When Aaron Flett-Riggs started doing stand-up in 2004, Tacoma’s comedy scene was flourishing. Since then, the local comedy circuit has turned into a wasteland. Riggs swears he had nothing to do with it. But he could have a lot to do with the scene’s revitalization. With the recent opening of Tacoma Comedy Club on the corner of 6th and Tacoma in the Malarkey’s building, Riggs and business partner Adam Norwest have brought the laughter back to Tacoma. Riggs, who can often be found on his own stage bringing the house down with his free-associative, conversational act, was kind enough to shine some light on the birth of the club. JACKIE FENDER
Courtesy of Aaron Flett-Riggs
Who played your first show? Collin Moulton, the weekend of October 22–23. His Saturday show, at 8 p.m., was probably one of the funniest comedy shows I have ever seen.
Will the club succeed? If we bring in the best and freshest comics, people will come to the shows. Also, being on the road and seeing comics, we know who we want to book and who is funny. We don’t bring the same people back over and over again like so many other clubs do. Tacoma Comedy Club wants to be known as a place where it doesn’t matter what night you come; you know you are getting a very funny night of comedy.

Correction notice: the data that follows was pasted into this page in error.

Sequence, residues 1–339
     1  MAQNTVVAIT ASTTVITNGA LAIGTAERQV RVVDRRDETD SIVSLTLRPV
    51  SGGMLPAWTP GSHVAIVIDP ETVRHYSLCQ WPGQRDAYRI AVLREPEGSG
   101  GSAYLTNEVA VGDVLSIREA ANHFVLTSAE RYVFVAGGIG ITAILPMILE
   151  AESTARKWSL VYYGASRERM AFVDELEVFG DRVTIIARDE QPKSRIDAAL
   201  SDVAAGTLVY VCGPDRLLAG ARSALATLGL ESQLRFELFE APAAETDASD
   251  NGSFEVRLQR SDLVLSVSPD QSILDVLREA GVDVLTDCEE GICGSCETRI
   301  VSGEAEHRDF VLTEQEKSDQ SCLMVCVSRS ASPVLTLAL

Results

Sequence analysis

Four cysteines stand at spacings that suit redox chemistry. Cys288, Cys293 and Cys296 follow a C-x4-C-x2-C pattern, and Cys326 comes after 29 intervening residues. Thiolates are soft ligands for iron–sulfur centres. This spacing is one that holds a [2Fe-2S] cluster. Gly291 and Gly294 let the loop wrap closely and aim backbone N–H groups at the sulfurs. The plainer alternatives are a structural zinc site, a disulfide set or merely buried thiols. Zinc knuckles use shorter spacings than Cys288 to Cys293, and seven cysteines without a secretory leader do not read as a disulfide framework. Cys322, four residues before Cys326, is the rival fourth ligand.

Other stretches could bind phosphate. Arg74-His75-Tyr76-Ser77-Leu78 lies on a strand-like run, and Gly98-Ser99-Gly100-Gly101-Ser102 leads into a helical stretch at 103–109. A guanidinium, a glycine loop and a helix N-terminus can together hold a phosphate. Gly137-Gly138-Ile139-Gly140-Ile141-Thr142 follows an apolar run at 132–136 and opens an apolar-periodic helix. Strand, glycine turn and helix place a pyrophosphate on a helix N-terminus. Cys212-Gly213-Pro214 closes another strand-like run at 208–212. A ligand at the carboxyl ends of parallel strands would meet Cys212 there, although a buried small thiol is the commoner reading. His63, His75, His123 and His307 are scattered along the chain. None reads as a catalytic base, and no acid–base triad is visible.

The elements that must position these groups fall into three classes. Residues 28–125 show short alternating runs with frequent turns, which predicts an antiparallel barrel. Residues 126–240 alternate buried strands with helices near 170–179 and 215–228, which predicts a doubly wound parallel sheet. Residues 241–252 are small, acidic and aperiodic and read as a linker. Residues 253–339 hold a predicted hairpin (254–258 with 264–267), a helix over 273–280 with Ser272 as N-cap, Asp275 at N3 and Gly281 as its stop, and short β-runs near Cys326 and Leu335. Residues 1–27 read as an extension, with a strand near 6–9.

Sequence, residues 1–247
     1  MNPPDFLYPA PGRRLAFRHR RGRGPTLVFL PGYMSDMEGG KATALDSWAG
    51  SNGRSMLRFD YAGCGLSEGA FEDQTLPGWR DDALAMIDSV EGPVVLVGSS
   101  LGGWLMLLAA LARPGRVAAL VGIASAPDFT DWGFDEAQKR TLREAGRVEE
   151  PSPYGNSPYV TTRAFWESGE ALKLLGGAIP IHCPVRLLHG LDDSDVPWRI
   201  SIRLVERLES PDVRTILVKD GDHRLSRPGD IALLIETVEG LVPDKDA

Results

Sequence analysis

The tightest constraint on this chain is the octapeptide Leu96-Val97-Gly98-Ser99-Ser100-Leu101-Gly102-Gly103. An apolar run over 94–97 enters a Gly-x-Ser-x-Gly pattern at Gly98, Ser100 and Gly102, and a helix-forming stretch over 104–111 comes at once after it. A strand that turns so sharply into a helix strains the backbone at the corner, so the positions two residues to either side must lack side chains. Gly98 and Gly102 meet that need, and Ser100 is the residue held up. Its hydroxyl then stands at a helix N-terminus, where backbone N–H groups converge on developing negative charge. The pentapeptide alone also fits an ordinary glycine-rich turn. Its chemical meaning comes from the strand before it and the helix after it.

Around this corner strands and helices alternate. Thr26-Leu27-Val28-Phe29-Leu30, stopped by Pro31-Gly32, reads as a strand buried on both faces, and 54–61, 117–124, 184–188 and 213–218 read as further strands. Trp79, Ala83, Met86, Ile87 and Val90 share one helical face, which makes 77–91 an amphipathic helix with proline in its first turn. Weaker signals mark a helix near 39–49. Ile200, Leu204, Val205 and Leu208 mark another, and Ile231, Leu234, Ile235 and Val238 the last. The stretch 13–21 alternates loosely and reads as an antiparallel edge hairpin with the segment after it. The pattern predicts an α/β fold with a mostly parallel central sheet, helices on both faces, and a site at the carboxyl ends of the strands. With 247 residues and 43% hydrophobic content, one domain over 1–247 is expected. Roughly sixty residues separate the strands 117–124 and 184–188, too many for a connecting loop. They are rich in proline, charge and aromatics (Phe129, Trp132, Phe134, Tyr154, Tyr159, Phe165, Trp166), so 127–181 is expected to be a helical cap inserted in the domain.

How has your experience as a traveling comic affected the business? There are a lot of things that go on behind the scenes that you look for, as a comedian. When you walk into a club and the ceiling tiles are falling down, or the bathrooms are overflowing, it gives you a bad feeling. You think, if this is the way the owner treats his building, how is he going to treat me? Happy comedians put on better shows.
What are some of your dream acts? Wow, there are so many. We’ve already booked some. We already have Rebecca Corry, Paul Ogata and Kyle Cease booked for the next three months. I would love to get Joe Rogan, personally, or maybe Ben Bailey from Cash Cab; I love that show.
Biggest fears? Hmmm, I don’t really have any. I never thought about it that much. I guess I’m scared that we’ll do such a good job that we’ll have to hire someone to do our jobs because we’ll be busy counting money. •